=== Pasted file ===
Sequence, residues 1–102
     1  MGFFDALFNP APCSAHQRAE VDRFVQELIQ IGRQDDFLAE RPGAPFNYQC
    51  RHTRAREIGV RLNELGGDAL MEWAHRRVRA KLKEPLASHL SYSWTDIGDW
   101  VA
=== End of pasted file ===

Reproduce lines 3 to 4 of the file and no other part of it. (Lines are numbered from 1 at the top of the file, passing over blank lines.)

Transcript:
    51  RHTRAREIGV RLNELGGDAL MEWAHRRVRA KLKEPLASHL SYSWTDIGDW
   101  VA